On reading Mr. Penumbra’s 24-Hour Bookstore in 24 hours

15939672Half-way through Robin Sloan’s bibliophile adventure tale I wasn’t sure that I liked it quite as much as I wanted or expected to. Here were all the ingredients to the perfect story, and for all intents and purposes, I was Sloan’s target audience. So, I was surprised that the adventure wasn’t nearly as striking or pulse pounding as I hoped it would be, but then, I’m getting ahead of myself.

Mr. Penumbra’s 24-Hour Bookstore begins with struggling designer Clay Jannon happening upon a help-wanted sign in a mysterious bookstore, exactly the kind of bookstore that I would foam at the mouth to discover, let alone work for, but this is no ordinary bookstore—when Jannon’s curiosity leads him to open one of the books in the tall stacks of the “Waybacklist” he sets in motion an adventure of decoding, spying, infiltrating a secret society and the age-old quest for immortality that hangs heavy in almost all the fantasy novels of my youth. Like Clay Jannon, I owe a great deal of my own imaginative swings to great fantasy series like the Chronicles of Narnia, His Dark Materials and The Lord of the Rings—for Clay, it’s his childhood love of a series called The Dragon-Song Chronicles that primes him for adventure in the first place (after all, if not a fantasy-lover, whose mind would automatically hover in a suspension of disbelief?) and then connects all the mysterious dots, like a key. But, as is the case for so many quests—the result, the treasure, the holy grail is never quite what you expect it to be.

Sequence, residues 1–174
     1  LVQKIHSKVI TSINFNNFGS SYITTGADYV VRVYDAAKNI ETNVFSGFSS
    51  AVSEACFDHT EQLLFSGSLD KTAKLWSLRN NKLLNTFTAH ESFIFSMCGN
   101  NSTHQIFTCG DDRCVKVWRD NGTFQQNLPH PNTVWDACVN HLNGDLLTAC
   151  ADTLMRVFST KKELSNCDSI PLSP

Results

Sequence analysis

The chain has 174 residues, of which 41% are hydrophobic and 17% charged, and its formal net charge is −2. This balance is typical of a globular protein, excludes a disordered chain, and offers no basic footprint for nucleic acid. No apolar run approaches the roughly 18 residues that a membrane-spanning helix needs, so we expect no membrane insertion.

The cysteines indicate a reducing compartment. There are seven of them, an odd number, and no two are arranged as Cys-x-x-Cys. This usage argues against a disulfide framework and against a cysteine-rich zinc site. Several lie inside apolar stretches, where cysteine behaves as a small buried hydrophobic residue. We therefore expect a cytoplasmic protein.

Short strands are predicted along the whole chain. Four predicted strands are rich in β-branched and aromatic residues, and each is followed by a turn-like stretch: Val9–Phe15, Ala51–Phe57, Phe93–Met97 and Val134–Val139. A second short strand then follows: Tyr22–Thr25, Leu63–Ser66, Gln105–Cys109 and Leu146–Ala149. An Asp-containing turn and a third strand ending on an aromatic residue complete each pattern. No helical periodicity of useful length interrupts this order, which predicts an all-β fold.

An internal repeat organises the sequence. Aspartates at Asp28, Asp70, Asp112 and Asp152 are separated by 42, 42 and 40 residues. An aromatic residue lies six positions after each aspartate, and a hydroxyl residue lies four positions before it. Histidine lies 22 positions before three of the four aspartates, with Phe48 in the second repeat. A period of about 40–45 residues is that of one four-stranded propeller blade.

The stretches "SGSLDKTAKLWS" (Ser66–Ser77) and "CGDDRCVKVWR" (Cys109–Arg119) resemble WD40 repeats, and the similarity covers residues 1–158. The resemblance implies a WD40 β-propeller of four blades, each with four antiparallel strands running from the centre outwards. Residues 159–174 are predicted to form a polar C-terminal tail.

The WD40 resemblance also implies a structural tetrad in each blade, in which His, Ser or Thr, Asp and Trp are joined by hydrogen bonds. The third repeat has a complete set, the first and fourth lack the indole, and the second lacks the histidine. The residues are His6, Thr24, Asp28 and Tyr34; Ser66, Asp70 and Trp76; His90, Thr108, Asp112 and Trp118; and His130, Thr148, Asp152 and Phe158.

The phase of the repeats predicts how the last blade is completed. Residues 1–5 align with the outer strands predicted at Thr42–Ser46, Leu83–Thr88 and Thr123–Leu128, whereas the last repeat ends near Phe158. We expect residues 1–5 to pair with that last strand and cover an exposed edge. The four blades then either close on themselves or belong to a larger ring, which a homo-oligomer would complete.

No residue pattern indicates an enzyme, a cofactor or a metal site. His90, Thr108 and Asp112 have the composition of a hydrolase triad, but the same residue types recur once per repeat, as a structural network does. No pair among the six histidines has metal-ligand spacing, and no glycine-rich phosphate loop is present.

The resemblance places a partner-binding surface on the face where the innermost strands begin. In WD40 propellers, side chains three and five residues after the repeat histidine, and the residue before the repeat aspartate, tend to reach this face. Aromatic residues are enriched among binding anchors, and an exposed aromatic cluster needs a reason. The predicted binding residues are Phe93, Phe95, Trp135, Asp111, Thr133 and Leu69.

The holy grail in Mr. Penumbra’s 24-Hour Bookstore isn’t what I thought it would be, and like some of the characters who were holding their breath for the secret of life, I was expecting a big hullabaloo, words of wisdom, a secret—the secret—and like so many who hold their breath for such things, I was ultimately disappointed… but only for a moment.

It’s not the quest that makes Sloan’s novel fantastic, not the fantasy, the mystery or the chase—it’s the very last paragraph in a brightly crafted, spinning read that moves you without even realizing it. It’s heart-warming, frenzied, often hilarious tribute to all the books that have come before, all the friendships you forge with the written word, and it’s this—the very last line, “A clerk and a ladder and a warm golden light, and then: the right book exactly, at exactly the right time.”

Because sometimes, that’s all it takes. It’s the trump card, Sloan—you nailed it.

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